Deadly Shortcuts Behind the Wheel

Jun 22 , 2024
By Kidist Yidnekachew

While riding the bus the other day, I noticed a young woman deeply engrossed in a phone conversation. She was recounting the story of finally getting her driver's license, vividly describing the difficult exams and the "token of appreciation" of 1,000 Br allegedly given to the instructor for "tea." She did not consider it as a bribe but I could not help but disagree. Her behaviour depicts the shadowy system of bribery that permeates driving tests, creating a dangerous situation on the roads.

Her instructor had thoroughly explained the exam, but passing was not guaranteed. Failing meant paying again to retake the test but the young woman aced it, despite uncertainities. A similar situation with a friend exposed the system's true darkness with the assigned instructor demanding a hefty 5,000 Br bribe upfront, even before she completed the practical requirements.

This blatant extortion attempt, sadly not uncommon, reveals the exploitation within the licensing process. The proper route involves receiving adequate training and passing the driving test fairly. But this system of bribery thrives for several reasons.

Low salaries for examiners and weak enforcement mechanisms create a breeding ground for corruption. The subjective nature of the test allows some examiners to exploit this by failing deserving candidates and offering a "second chance" for a price. Students may also be driven to bribery by fear of failure, time constraints, or unclear testing procedures.

The consequences of this bribery cycle are severe. Unqualified drivers pose a safety hazard, increasing accidents, injuries, and fatalities. Recent statistics from transport authorities show a surge in traffic accidents, with penalties doubling to over 1.1 billion Br in the past year. Transport authorities placed blame on driving schools and vehicle inspection centres during a presentation at Parliament.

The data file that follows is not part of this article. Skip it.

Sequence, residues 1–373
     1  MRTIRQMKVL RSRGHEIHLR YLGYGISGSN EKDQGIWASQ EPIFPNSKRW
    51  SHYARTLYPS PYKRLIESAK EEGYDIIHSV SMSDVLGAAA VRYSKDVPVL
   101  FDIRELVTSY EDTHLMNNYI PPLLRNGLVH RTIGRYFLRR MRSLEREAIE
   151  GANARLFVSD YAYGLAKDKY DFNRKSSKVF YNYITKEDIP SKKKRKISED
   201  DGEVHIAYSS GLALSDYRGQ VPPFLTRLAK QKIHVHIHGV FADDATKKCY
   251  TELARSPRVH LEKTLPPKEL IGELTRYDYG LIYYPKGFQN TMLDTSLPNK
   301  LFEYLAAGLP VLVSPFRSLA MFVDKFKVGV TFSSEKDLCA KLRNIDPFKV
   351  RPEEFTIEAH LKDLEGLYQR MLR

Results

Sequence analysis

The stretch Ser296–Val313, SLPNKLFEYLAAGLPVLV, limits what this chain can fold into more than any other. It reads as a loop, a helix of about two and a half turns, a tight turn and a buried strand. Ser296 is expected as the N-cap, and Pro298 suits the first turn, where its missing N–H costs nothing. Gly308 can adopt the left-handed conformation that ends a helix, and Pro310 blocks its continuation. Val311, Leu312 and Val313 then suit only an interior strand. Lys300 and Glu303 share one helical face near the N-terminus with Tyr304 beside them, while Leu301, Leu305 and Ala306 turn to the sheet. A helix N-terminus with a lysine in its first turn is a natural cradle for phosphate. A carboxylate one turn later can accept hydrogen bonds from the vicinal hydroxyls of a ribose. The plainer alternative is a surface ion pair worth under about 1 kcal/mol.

Beyond safety concerns, a corrupt system erodes public trust, discourages honest applicants, and undermines the efficiency of the entire licensing process.

To dismantle this system, a multi-pronged approach is necessary. Increasing examiner salaries can eliminate the financial incentive for bribery. Stricter penalties for both examiners and students involved can act as a strong deterrent. Implementing standardised testing procedures with clear, objective criteria will reduce examiner discretion and opportunities for manipulation.

With nearly 100,000 cars joining the roads annually, around 600 driving schools produce thousands of new drivers yearly for tests prepared by transport authorities. Implementing standardised national guidelines for all driving schools would ensure consistent training quality while a digital point penalty system would enable stricter driver monitoring.

Driving schools also play a crucial role. Rigorous teaching on the behavioural aspects is important. Nearly two million drivers were penalised for over nine million traffic violations this year while a crackdown on driving schools led to the cancellation of permits for 10 driving schools across the country. By providing quality instruction and ensuring students are proficient before taking the exam, schools should empower students to confidently take the test without resorting to bribes.

Ultimately, a cultural shift is needed. Cultivating respect for traffic laws and promoting responsible driving practices is paramount. We need a system that prioritises safety and ensures a driver's license signifies competence, not a product of a corrupt system.

PUBLISHED ON Jun 22,2024 [ VOL 25 , NO 1260]

Kidist Yidnekachew is interested in art, human nature and behaviour. She has studied psychology, journalism and communications and can be reached at (

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